A California state government office under the military department didn’t change the default passwords that came with some of its IT systems, creating a “significant threat of an attacker gaining unauthorized access to its network.”
Another office wasn’t running security updates on some of its devices.
A third agency that was notified of security deficiencies in 2013 still hadn’t fixed them in 2019. When the California State Auditor asked about the deficiencies, the agency offered PowerPoint presentations with status updates.
“These presentations do not consistently provide key details such as who is responsible for tracking each deficiency, the strategy for resolving the deficiency, and the target date for completion,” the auditor wrote in a report published Tuesday.
The report uncovered “high-risk” deficiencies in state information technology at 21 state departments, agencies or other government offices. The report doesn’t identify them. The auditor looked at agencies, departments, boards, commissions and other offices that don’t fall under the direct authority of the Governor’s Office, including state executive offices led by independently elected officials and offices under the judicial branch.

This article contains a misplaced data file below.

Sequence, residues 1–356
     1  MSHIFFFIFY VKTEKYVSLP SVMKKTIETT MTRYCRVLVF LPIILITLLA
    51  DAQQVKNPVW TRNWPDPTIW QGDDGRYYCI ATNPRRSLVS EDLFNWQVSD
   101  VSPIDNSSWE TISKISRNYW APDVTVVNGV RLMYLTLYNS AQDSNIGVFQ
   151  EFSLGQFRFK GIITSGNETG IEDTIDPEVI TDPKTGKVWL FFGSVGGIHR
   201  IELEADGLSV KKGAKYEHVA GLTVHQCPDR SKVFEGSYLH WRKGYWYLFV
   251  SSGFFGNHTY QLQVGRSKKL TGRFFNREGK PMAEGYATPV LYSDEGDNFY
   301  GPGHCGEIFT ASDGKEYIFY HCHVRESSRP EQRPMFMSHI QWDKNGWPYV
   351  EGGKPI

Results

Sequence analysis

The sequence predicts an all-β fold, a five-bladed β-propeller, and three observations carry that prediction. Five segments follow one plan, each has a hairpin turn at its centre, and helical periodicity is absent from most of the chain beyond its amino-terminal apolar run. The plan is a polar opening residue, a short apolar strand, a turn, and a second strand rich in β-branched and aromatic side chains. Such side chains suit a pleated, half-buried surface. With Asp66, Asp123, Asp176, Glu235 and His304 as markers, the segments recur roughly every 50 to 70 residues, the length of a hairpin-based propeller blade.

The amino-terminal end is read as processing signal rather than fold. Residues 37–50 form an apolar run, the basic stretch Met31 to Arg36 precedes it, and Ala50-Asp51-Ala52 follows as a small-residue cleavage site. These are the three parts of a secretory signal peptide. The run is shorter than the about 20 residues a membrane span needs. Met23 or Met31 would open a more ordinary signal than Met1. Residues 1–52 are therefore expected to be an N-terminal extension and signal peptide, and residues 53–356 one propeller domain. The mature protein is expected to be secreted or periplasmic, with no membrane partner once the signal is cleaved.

Many of the organizations reviewed lack external oversight and don’t regularly update their security standards, according to the report, “placing some of the state’s sensitive data at risk of unauthorized use, disclosure, or disruption.”
The report suggests the Legislature pass a law to increase oversight, raising the specter of a large-scale data breach in which reams of personal data could be exposed to identity theft.
“Given the amount of data the state maintains, the financial cost of a data breach and the damage to its credibility and reputation could be significant,” the report states.
Breaches involving more than 50 million records can cost an average of $350 million, according to the report. In 2017, data breaches averaged $3.86 million, according the report, citing a study by IBM Security and the Ponemon Institute.
The report found similar shortcomings in 2013 for offices that fall directly under the governor. The state’s Technology Department oversees those offices’ online security, which has improved since the audit six years ago, according to the audit report.